For 30 years I’ve stood proudly with Batman fans. We’re a loyal crew, and by that I mean we’ve read the comics, supported the highs and lows of each Caped Crusader incarnation, and refused to abandon our beloved Knight. If we didn’t let Schwarznegger’s embarrassing Mr. Freeze give us cold feet, there can be no storm we won’t weather, right? That’s exactly why we fans were so nervous a couple years ago– the forecast of a looming Megastorm, possibly the one that would be our end. We got word that Christian Bale, the same man that had saved our H.M.S. Gotham from the destructive Typhoon “Schumacher”, was now passing along the proverbial Batarang. Yikes. Say it ain’t so.
“An unknown actor, please.”, we collectively prayed. “A Shakespearean golden boy, a discount Mark Ruffalo, or anyone without a shred of past failure to cast doubt on the future of our vessel. ”
“Who? Ben-who? Affleck? ”
NO. It couldn’t be. Surely this was a Twitter rumor, because if it’s true, it’s a death sentence. Pundits concurred, this was an odd twist to the legacy Heath Ledger and Michael Caine had toiled to resurrect. Affleck wasn’t qualified to carry the torch, his portrayal of Daredevil had been disowned by the Marvel Universe, cast into the pile of Wal-Mart $5 DVD’s that included Eric Bana’s Hulk, and even Dolph Lundgren’s Punisher. Ben’s career had sorely learned at least the lessons of his movies like Phantoms, the Jack Ryan reboot and Gigli. That he’s not an action star, he’s not a superhero, and he didn’t date Jennifer Lopez for her intellect. He’d just finally redeemed his worth with superb films like Argo, Gone Girl, and The Town. He found his formula, and for sure it wasn’t rubber and spandex, that’s J-Lo’s thing. He was safe again, so why sail off a cliff?
Loyal crewmen like us don’t abandon our posts with news of an impending storm, we go down with the ship. So with a deep breath, we waited, prepared, and hoped only to survive the ordeal. When I saw the film the night before it opened, I still carried with me the dreadful anticipation of unwanted paternity results. On the one hand, I could finally see The Man of Steel and The Dark Knight together in vibrant 3-D, but on the other, there’s a good chance Matt Murdock might blindly crash the boat. That’s when something fantastically unpredictable happened, at least for me. Critics now seem to share a loathing for the film overall, and moviegoers (not crew, mind you), seem split at best. That’s not the unpredictable thing. What was Bizarro for me, is that storm had come, the ship had suffered damage, yet miraculously emerged alive and breathing, even if barely, and it hadn’t even been Hurricane Ben at all. The destructive force turned out to be an overall failure of a studio itself, burdening our destination with a dangerous overload of cargo. They were trying to desperately catch up to the flagship, USS Marvel, so they crammed the equivalent of six solo film’s exposition of content into a treasure chest sized movie that was supposed to be the opus of Wayne vs. Kal-El . I’m still proud of the movie, and can’t wait to see it again, but I’m a veteran of the crew, and my loyalty outweighs my proper judgement. I’m only willing to concede it’s shortcomings to justify the real story of triumph.–a recommendation for the medal of valor to the ship’s savior, our new leader, Captain Batfleck. The hero that had single-handedly rescued our vessel from demise was the same man we feared may be its Ahab. Smell the irony? That’s what blew me away.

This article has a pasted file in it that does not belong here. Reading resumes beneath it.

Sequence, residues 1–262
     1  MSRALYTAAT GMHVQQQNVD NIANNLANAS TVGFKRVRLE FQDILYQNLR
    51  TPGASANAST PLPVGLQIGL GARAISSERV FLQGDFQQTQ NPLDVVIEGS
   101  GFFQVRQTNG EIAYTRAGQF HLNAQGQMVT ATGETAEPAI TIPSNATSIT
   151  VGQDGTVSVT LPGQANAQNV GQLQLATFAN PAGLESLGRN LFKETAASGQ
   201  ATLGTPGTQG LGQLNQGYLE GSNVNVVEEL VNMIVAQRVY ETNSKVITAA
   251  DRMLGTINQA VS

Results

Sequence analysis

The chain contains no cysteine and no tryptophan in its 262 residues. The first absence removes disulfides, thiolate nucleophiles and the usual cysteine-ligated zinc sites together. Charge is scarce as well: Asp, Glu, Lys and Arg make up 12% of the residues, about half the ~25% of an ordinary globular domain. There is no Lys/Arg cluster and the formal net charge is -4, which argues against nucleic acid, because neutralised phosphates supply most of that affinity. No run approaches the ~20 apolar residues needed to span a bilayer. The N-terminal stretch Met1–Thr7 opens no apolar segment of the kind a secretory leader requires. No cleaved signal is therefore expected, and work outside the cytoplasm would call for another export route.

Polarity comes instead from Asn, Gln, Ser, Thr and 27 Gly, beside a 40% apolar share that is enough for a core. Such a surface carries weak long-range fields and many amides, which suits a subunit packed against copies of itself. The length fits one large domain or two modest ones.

Affleck managed to bring a passion to the role that combined layers of true Bruce Wayne life experience with the bold outlook of a newcomer. When given the chance to wear it on his face from behind the mask, he nailed it. He brought with his expressions both the weight of the orphaned Bruce Wayne’s nightmarish childhood, and the look of an actor who felt the collective importance of what might be a terrible career choice. It worked. He took it as seriously as anything in his resume thus far, maybe more, despite what must have been an internal conflict with the convoluted script. He couldn’t change the mission, only dedicate himself to leading it. Poetically, it seems that if there had been more Ben, and less studio driven, Justice League set-up bullcrap, we wouldn’t be trying to pull his performance from the wreckage of The Gotham, but pinning the medal to his rubber suit. For now, I’m not trying to compare or rank his Batman against Christian Bale’s, the current fan favorite, but trying to give Ben the chance to perform the duties he has earned with distinction, to say that he has defied the accusations of incompetence, and suggest that he alone now owns the Batsuit and the prospect of its future. What he chooses to do with it next is his executive privilege. He’s the crew’s true leader, he’s my captain, and I trust him to bring us home safely.